coming-of-age in a Chicago neighborhood and her gradual realization that she is meant to be a writer. The book has been compared to Galarza Barrio Boy and to Rivera . . . Y no se lo trago la tierra, although Cisneros's world is a heterogeneous one, devoid of the pureza ethic of her male predecessors. Renato Rosaldo's comment on Mango Street also holds true for Cisneros second collection of short stories, Woman Hollering Creek ( 1991):
What culture is losing in coherence and in "pureza" it is gaining in range and engagement. The politics of culture found in these short story cycles moves toward terrain of borders, spaces that readily include African-Americans, Anglos, schools, workplaces, and heterogeneous changing neighborhoods. (93)
Neither Mexican nor American, the hybrid persona of the narrator (a Merican), this modern Malinche, taboo-free, open-minded, and resilient like her famous ancestor, is negotiating a modus vivendi between her deep-rooted affinity to her own people (Mexicans and Mexican Americans) and the everyday reality of the Anglo-American world in which she was born and is living.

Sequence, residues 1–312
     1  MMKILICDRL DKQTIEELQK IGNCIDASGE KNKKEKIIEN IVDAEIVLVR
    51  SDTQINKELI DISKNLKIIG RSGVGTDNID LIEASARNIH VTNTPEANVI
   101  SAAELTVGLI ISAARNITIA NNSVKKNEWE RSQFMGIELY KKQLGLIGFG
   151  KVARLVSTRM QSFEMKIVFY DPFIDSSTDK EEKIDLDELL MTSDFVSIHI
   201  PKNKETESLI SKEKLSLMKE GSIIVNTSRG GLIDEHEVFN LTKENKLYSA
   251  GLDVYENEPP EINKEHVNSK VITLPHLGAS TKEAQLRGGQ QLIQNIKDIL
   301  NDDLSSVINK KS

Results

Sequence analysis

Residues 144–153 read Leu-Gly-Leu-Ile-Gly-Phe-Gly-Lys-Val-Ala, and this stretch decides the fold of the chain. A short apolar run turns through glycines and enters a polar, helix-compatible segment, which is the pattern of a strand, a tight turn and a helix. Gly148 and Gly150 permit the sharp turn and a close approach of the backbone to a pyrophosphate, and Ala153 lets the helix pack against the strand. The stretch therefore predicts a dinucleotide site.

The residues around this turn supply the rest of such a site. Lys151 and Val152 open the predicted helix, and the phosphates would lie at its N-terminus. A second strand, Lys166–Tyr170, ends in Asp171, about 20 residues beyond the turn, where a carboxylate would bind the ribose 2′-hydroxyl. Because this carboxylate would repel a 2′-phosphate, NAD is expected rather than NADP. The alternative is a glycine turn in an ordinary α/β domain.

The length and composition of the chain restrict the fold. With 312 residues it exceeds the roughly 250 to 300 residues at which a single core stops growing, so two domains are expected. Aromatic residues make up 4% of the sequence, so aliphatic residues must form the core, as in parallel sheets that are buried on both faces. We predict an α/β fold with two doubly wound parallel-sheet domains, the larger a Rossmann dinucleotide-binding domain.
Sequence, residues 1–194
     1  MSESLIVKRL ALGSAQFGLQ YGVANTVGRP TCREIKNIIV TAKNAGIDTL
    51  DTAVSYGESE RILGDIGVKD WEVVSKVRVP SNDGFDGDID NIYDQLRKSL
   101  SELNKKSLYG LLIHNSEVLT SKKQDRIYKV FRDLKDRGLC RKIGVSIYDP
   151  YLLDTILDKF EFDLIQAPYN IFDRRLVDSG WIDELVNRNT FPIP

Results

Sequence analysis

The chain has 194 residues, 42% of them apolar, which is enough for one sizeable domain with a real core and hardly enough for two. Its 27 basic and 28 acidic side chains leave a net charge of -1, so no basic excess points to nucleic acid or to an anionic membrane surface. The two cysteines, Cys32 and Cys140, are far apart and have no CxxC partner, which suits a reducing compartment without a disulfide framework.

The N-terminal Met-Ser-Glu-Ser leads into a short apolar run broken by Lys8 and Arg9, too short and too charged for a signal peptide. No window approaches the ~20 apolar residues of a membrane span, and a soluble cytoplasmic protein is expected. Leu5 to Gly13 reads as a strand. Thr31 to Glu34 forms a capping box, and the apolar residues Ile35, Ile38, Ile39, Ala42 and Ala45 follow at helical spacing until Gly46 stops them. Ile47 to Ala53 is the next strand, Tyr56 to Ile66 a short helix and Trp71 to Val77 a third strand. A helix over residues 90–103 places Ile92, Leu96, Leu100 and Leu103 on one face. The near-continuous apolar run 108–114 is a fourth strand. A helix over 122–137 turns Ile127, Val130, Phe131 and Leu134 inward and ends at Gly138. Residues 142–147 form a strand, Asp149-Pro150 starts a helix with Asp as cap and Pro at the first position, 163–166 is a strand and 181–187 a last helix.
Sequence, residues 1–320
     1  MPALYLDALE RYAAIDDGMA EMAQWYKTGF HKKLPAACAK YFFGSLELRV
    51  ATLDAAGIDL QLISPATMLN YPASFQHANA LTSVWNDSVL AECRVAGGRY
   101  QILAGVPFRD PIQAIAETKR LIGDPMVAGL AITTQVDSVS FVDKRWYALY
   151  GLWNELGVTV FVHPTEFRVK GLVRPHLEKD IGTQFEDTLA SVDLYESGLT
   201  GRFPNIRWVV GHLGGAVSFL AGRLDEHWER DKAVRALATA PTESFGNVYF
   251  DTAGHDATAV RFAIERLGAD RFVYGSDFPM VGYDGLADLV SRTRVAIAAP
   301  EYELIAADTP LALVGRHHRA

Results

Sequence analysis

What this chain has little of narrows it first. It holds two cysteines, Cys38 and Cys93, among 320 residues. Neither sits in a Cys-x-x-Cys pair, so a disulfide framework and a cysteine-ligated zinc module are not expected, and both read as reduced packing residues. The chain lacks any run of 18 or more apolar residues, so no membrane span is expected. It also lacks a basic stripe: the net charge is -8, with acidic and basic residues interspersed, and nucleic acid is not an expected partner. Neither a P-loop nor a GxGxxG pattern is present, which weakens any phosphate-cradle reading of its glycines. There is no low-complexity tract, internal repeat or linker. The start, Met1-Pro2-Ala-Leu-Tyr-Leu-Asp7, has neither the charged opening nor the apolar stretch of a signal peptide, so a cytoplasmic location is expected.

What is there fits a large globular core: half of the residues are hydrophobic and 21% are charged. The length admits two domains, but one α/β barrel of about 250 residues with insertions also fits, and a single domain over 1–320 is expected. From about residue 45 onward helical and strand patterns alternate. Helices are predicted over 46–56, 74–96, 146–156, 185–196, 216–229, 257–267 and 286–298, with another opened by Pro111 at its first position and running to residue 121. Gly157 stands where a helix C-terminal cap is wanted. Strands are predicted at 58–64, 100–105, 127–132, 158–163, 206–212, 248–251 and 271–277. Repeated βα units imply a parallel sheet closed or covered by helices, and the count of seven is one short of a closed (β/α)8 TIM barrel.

In her epistolary novel The Mixquiahuala Letters ( 1986), dedicated to the memory of the Argentinian writer Julio Cortázar, Ana Castillo also crosses physical, spiritual, and sexual borders, observing and recording the limitations inherent to both the Anglo-American and the Mexican cultures. Combining the subjective and the objective narratives in a quasi-ethnographic manner, the writer keeps a certain aloofness from each of the two societies, as well as from the Chicano community, for that matter. More recently, Castillo published So Far from God ( 1993), a novel set in contemporary New Mexico that daringly combines the world of magical realism with the cruel reality of today's wars, environmental issues, and diseases. Both Cisneros and Castillo have received the Before Columbus American Book Award for The House on Mango Street and The Mixquiahuala Letters, respectively.
The unprecedented flourishing of Chicana literary production has prompted many a literary critic to test new approaches to their works. Besides authors like Castillo, Moraga, Cisneros, and Anzaldua, who are also engaged in literary criticism, a growing number of female scholars have published articles and/or edited magazines (e.g., Norma Alarcon and Third Woman), thus keeping up the dialogue within the Chicano/a literary community.
If the 1980s were primarily the decade of Chicana feminist writing, some Chicano writers of the previous generation continued to publish ( Anaya, Hinojosa, Morales, Méndez), while a few new male voices emerged on the Chicano literary scene. One of the most promising was that of Arturo Islas, whose untimely death in 1991 left only two works, The Rain God ( 1984) and Migrant Souls ( 1990). In both books the narrator is, in many ways, the author's alter